August 10, 2020

Beauty is something we Choose, not something we Are.

This morning, I had a brief discussion with a colleague.

“It’s easy to feel beautiful at home or around friends and family because they know who you are,” she said. “But as I got older, I was told to be intelligent, to burn hearts with brilliance and engulf souls with compassion in order to be considered beautiful.”

Beauty is such a complicated concept. We all have different ideas of what beauty should look like and how it should feel, yet we all want to feel beautiful.

There is no seeker among those who search for beauty who hasn’t matured on the way. The moment we start to redefine what it means to be beautiful, we start to change both on the interior and exterior.

Yeah sure, we all get those fleeting moments of momentary bliss when we wear that dress we love so much, or when we wear the makeup that helps us to feel flawless. But feeling beautiful is deeper than that; it’s about self-love and acceptance.

It is about a work in progress that is slowly yet inevitably moving toward “perfection.”

It is about a spiritual rather than physical definition of beauty, where we are all considered to be unfinished works of art waiting for and striving toward completion.

It is about saying, “I might not look like you, but isn’t humanity like skilled penmanship, where every single line and dot and curve and angle is equally important?”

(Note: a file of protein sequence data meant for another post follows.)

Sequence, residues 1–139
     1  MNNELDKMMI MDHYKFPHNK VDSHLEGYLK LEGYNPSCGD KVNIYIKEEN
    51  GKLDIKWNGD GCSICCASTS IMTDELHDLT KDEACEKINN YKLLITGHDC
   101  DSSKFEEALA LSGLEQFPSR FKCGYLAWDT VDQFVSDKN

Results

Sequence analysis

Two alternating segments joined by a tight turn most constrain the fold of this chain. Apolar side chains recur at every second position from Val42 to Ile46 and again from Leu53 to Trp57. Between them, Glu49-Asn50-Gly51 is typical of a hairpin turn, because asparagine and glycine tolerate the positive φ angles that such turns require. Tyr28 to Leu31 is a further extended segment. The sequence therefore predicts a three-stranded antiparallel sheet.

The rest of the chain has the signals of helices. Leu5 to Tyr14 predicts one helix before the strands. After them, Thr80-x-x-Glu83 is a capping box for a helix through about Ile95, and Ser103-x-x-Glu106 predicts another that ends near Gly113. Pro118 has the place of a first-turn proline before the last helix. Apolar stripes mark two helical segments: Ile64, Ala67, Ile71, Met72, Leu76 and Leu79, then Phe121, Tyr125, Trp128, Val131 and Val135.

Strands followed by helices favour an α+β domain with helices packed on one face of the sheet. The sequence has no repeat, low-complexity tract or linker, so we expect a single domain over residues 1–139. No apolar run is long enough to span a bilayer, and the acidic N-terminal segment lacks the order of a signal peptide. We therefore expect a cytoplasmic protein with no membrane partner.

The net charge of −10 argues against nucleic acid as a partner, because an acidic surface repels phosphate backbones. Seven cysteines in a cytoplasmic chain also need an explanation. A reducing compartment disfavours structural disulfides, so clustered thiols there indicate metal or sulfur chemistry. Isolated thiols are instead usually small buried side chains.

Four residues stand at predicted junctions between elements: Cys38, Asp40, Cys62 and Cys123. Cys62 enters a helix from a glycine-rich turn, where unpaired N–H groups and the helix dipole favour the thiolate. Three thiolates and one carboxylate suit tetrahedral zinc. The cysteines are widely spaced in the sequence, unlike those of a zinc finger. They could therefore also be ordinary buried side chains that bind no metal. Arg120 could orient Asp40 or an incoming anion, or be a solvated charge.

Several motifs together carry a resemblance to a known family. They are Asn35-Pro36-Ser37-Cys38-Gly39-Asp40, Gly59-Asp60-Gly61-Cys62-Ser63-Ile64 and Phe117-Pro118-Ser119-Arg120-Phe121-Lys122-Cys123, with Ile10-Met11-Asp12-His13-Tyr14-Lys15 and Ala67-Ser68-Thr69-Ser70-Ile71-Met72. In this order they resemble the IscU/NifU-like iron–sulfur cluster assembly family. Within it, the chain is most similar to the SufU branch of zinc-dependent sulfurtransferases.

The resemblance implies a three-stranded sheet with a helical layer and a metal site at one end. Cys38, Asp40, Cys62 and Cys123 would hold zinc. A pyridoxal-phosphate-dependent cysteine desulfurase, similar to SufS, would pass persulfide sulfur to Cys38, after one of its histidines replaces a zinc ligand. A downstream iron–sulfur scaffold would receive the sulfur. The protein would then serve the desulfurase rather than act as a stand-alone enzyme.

Often when we feel our most beautiful, it is in those moments in which we are embracing and appreciating the “perfect,” unblemished aspects of ourselves amidst all the other stuff that we dislike. This is the easy part—finding the small things.

What is difficult is to love ourselves with all our imperfections and defects.

The lesson here is that there is no wisdom without unconditional love. Unless we learn to love ourselves wholly and completely, irrespective of surface value, we can neither truly love ourselves nor others.

A life without self-love is of no account. Self-love is what we all have inside of us, clouded and sheltered by our insecurities and our need for acceptance.

There is only one type of dirt that cannot be cleansed with pure water, and that is the stain of hatred and bigotry contaminating the soul. You can purify your body through abstinence and fasting, but only love will purify your heart.

Learn to love yourself.

The quest to be beautiful will always be an unattainable ideal—one that will continue to define and redefine itself, ever dependent on the spirit of the age, or popular culture.

We are not that fluid.

The truth is, we are all perfect as we are and capable of immense and unconditional love. Love is what we came here to learn. Personal love. Universal love. Messy love.

We didn’t come here to be beautiful. We already are. We came here to be gorgeously human—flawed and fabulous.

Beautiful is the woman who keeps her head up and is proud of her body, just as it is.

Beautiful is the man who has to hide his gay lover from his judgmental parents, but who loves, regardless of what the world will think.

Beautiful are the women who buy the jeans that fit them, not the ones they hope will fit one day.

Beautiful are the people who wear what they want because they like it.

Beautiful are the people who choose love.

Beautiful are the people who allow their bodies to be their temples and canvases, and who create their outer beings to reflect their inner.

Beautiful are the people who hurt and feel insecure and make mistakes, but rise above and find the confidence to admit when they’re wrong.

Beautiful is everyday. Beautiful is both the struggle and the triumph.

Beautiful is you and me.

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